Book Reviews, Lists, Discussions, and Displays

Tag: Delacorte Books

Book Review: How To Make Friends With The Dark

How To Make Friends With The Dark – Kathleen Glasgow – HarperCollins AU – Published 1 April 2019

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Synopsis

It’s the brightest day of summer and it’s dark outside. It’s dark in your house, dark in your room, and dark in your heart. You feel like the darkness is going to split you apart.

Here is what happens when your mother dies.

That’s how it feels for Tiger. It’s always been Tiger and her mother against the world. Then, on a day like any other, Tiger’s mother dies. And now it’s Tiger, alone.

Here is how you learn to make friends with the dark.

My thoughts

How To Make Friends With The Dark is an honest look at the journey of grief, complicated and messy, as well as the variety of conditions and struggle for normalcy faced by children who lose a parent or are removed from unsafe living conditions. It is a delicately crafted novel, unflinching and considered.

Tiger and her mother are a unit – it’s them against the world. Things might be tight and Tiger might chafe against the close rein her mother keeps her on, but everything is okay, or at least sort of, when they are together. But when her mother suddenly dies, Tiger is thrown into a whirlpool of foster homes, halfway houses and uncertainty. She battles unrelenting grief and can only liken it to standing on the edge of a black hole ready to swallow her up. As family secrets are revealed, she questions if she ever really knew her mother, or what she can expect from life now that everything that she knows has been stolen from her.

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Book Review: Field Notes on Love

Field Notes on Love – Jennifer E. Smith – Delacorte Press – Published March 5 2019

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Synopsis

Having just been dumped by his girlfriend, British-born Hugo is still determined to take his last-hurrah-before-college train trip across the United States. One snag: the companion ticket is already booked under the name of his ex, Margaret Campbell. Nontransferable, no exceptions.

Enter the new Margaret C. (Mae for short), an aspiring filmmaker with big dreams. After finding Hugo’s spare ticket offer online, she’s convinced it’s the perfect opportunity to expand her horizons.

When the two meet, the attraction is undeniable, and both find more than they bargained for. As Mae pushes Hugo to explore his dreams for his future, he’ll encourage her to channel a new, vulnerable side of her art. But when life off the train threatens the bubble they’ve created for themselves, will they manage to keep their love on track?

My thoughts

Okay, I loved every bit of this cheery, fun, train-riding, sweet-kisses story. Field Notes on Love is about growing up and deciding who you want to be, about finding where and with whom you belong, and it’s about falling in love and enjoying the ride. It’s sweet, romance and utterly delectable.

The last thing Hugo expects just before he and his girlfriend depart on a trip across the US is to be dumped. But that’s exactly what happens. And it turns out her parting gift, the tickets for the trip, are all in her name, non-transferable. So Hugo, with a little help from his five siblings, creates an ad for a Margaret Campbell to join him on his journey. For Mae, the ad looking for someone with her name to share a train trip seems the perfect opportunity to get away from the rejection of not getting into the film program at college. Hugo and Mae aren’t looking for love – they’re not really even looking for friendship. But it’s hard to ignore the deepening connection between them. But if life is pulling them in different directions is it wise to start something?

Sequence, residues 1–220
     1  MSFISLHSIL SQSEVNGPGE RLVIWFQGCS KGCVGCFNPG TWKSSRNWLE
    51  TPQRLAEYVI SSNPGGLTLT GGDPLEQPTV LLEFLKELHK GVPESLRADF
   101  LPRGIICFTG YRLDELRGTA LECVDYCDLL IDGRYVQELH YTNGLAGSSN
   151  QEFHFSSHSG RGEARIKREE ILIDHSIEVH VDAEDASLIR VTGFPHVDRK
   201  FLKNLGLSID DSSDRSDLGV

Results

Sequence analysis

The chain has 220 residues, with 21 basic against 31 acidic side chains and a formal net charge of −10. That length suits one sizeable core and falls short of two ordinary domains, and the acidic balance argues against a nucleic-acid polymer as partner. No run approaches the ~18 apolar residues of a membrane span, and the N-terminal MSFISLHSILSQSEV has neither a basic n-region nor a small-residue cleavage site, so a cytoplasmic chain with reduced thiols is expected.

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Book Review: Everything, Everything

everything-everything

Everything, Everything – Nicola Yoon – Delacorte Books – Published 1 September 2015

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Synopsis

My disease is as rare as it is famous. Basically, I’m allergic to the world. I don’t leave my house, have not left my house in seventeen years. The only people I ever see are my mom and my nurse, Carla.

But then one day, a moving truck arrives next door. I look out my window, and I see him. He’s tall, lean and wearing all black—black T-shirt, black jeans, black sneakers, and a black knit cap that covers his hair completely. He catches me looking and stares at me. I stare right back. His name is Olly.

Maybe we can’t predict the future, but we can predict some things. For example, I am certainly going to fall in love with Olly. It’s almost certainly going to be a disaster.

My thoughts

Fast five favourites: the beautiful drawings that are scattered throughout this book and which bring it to life. Olly’s desire to climb and move. The references to The Little Prince. The use of symbols, such as colour. And Madeline, wonderful narrator and protagonist.

I am a little late to the party with reading Everything, Everything, but after reading The Sun Is Also A Star, I knew I had to put Everything, Everything on my reading list. And, as most would agree, Everything, Everything is well worth reading. Beautiful, evocative, and compelling, it is so very easy to devour, while standing outside of the plethora of YA contemporaries for its diversity and uniqueness.

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